[Corrected 2/12/14, see below] Was it that airline flight? The vitamin supplements? The hair dye?
Women who have miscarried may comb their memories for reasons, and the grieving process can last more than a decade, says Barbara Pettersen, clinical director for San Carlos, CA-based diagnostics company Natera.
Most of the time, miscarriages are the result of natural processes and no one is to blame, Pettersen says. “Up to 25 percent of all conceptions will result in a miscarriage,” she says. “Most people don’t know that.”
But when genetic factors cause a miscarriage, knowing the details can help hopeful parents plan for their next pregnancy, Pettersen says.
Natera, best known for its prenatal testing products, also makes a genetic test designed to identify reasons for the loss of a pregnancy. The answer often lies in the chromosomes of the fetus, says Pettersen (pictured above right). Working with a tissue sample from the miscarriage, Natera searches 317,000 sites along the fetal DNA to look for variations that could have caused the trouble.
A large fraction of pregnancy losses are due to genetic abnormalities in the fetus that arise by chance in the early steps that lead to the development of a fertilized egg, Pettersen says. These spontaneous errors are not inherited from either of the parents. But that still leaves aspiring parents with the question, “Will it happen again?”
In some cases, miscarriages do stem from genetic variations handed down from the mother or father. Analyses of chromosomes from both parents may be needed to figure this out. The answer may make a significant difference to the odds that the next pregnancy will be successful.
Couples who have suffered more than one miscarriage are particularly interested in knowing the reasons. So are those who have lost a pregnancy created through in vitro fertilization, Pettersen says.
“If they miscarry, they want to know the cause before they go through another IVF cycle,” she says.
It was working with that population of IVF clients that first got Natera interested in creating its test for the causes of miscarriage, Pettersen says. Natera was already making genetic screening tests that help clients of in vitro fertilization clinics to decide which of the early-stage embryos created through IVF should be implanted in the womb. The company’s preimplantation genetic diagnosis test identifies embryos with chromosomal abnormalities that could prevent implantation of the embryo in the uterus, cause a miscarriage, or result in birth defects in the child.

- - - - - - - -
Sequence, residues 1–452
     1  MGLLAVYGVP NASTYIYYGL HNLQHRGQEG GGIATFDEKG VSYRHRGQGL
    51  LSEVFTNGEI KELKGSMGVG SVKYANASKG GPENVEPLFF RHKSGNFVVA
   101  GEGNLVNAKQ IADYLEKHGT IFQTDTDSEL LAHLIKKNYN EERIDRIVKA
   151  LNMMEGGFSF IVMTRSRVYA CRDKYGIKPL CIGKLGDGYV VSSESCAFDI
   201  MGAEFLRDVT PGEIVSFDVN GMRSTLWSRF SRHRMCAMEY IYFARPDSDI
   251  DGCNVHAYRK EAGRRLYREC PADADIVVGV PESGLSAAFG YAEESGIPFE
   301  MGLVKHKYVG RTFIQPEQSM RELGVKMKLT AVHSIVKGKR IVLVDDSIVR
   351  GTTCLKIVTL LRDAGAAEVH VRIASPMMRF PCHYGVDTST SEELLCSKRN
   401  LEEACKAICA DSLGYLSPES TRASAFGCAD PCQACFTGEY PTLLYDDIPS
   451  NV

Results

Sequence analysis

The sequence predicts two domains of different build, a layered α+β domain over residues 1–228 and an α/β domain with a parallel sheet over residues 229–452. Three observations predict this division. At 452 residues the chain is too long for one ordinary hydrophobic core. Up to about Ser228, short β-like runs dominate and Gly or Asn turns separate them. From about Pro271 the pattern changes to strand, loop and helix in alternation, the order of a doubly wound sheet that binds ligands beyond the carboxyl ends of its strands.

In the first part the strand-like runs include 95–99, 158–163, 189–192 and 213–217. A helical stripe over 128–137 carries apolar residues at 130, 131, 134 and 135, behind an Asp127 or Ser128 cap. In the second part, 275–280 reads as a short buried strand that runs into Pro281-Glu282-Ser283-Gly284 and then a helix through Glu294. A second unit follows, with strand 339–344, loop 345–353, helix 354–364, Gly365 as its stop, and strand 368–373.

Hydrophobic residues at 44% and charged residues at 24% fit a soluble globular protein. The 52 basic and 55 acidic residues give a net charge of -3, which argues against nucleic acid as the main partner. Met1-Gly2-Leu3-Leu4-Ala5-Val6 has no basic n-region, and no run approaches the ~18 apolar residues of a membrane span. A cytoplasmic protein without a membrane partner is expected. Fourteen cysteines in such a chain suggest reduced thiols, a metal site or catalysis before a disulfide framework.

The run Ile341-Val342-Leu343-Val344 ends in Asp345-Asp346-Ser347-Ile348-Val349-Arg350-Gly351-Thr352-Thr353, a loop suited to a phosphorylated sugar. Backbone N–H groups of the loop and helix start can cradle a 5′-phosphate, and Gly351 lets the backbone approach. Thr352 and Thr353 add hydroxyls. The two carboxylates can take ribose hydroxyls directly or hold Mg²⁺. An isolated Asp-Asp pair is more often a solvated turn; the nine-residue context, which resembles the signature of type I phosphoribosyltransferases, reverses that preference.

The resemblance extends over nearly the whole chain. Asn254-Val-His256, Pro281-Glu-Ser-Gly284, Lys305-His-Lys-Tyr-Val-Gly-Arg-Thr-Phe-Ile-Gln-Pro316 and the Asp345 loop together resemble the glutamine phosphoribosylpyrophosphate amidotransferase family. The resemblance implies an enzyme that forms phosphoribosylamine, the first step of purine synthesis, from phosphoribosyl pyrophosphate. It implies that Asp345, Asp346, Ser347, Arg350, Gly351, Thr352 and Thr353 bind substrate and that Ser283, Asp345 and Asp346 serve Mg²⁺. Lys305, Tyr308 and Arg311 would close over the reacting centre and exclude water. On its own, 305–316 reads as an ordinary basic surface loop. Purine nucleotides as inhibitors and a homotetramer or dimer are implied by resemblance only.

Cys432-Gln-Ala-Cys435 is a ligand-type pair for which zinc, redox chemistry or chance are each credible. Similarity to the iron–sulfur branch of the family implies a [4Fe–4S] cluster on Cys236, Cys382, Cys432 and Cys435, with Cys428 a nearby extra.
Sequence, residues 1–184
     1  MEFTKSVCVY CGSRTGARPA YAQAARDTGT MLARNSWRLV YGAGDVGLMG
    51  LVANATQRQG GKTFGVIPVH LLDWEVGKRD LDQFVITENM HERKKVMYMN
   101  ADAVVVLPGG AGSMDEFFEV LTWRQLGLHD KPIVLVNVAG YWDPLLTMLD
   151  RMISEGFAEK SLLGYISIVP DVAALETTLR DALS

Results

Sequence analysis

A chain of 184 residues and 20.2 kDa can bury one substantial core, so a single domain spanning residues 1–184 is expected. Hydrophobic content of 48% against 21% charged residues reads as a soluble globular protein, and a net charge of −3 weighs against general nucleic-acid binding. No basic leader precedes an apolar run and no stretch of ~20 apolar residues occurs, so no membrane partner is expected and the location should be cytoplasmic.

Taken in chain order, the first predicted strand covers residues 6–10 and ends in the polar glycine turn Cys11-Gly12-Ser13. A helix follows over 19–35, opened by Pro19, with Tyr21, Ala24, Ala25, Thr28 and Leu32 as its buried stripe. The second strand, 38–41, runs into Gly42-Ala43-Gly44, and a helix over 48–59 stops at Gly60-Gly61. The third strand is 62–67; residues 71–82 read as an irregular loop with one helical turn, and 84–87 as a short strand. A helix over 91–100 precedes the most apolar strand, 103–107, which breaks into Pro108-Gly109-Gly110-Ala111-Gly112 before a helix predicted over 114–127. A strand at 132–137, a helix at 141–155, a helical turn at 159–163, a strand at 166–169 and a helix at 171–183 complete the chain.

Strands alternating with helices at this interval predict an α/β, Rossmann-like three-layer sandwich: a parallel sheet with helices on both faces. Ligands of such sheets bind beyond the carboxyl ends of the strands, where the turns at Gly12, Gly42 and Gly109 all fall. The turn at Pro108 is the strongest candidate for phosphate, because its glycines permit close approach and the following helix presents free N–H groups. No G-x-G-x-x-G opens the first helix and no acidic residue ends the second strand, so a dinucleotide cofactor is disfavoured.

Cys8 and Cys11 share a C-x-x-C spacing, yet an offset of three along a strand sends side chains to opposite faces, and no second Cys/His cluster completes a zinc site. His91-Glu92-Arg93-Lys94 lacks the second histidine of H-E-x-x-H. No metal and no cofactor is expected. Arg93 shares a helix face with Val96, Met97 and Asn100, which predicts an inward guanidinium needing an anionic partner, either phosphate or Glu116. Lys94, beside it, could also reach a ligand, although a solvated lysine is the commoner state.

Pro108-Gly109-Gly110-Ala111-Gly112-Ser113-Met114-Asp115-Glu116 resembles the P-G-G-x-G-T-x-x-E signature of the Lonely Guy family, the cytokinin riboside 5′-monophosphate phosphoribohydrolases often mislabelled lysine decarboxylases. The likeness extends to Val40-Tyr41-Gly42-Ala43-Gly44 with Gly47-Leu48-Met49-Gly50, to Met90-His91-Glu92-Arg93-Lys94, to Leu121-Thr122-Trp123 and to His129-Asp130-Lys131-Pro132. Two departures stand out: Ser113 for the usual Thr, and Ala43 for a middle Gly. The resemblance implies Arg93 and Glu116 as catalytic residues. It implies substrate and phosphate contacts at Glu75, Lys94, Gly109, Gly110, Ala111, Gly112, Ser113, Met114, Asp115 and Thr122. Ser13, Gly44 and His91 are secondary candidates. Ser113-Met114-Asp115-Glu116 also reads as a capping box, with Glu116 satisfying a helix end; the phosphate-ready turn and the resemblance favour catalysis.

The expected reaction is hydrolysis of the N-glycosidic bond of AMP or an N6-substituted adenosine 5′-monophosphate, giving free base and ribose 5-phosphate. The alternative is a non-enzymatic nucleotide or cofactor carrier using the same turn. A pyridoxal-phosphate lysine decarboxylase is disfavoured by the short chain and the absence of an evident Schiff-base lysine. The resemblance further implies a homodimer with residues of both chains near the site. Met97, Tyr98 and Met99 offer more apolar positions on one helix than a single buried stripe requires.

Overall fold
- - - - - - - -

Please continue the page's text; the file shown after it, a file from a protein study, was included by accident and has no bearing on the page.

“We just basically modified that test to look at fetal tissue from a miscarriage,” Pettersen says. Natera began marketing the test in 2010.
Natera is part of an increasingly competitive group of genomics companies offering tests related to reproduction. Natera launched a genetics-based prenatal test, Panorama, in February of 2013, as an alternative to amniocentesis and CVS. These two traditional tests are accurate but invasive, and carry a small risk of miscarriage. The Natera prenatal test requires only a blood sample from the mother—like rival prenatal tests fielded by companies including San Diego, CA-based Sequenom, San Jose, CA-based Ariosa Diagnostics, and genomics heavyweight Illumina of San Diego.
In the area of miscarriage testing, also known as products of conception testing, Natera faces competitors including Irvine, CA-based CombiMatrix, Livingston, NJ-based Reprogenetics, and Integrated Genetics, a unit of Burlington, NC-based testing giant LabCorp.
Natera’s miscarriage test delves further than a longstanding scan called a karyotype that doctors have traditionally ordered for women who have miscarried more than once. The karyotype is a stained preparation of the chromosomes in tissue collected from the miscarriage, which are visually inspected through a microscope and photographed.
The karyotype can show whether the fetus has the normal number of chromosomes—a pair of each of the 23 different types of chromosomes for a total of 46. The test can reveal whether a chromosome is missing from one of the 23 pairs, or if there’s an extra copy of a chromosome. For example, Down Syndrome results when the cells have three copies of chromosome number 21. This is also called Trisomy 21, and it often results in a miscarriage—as do certain other … Next Page »
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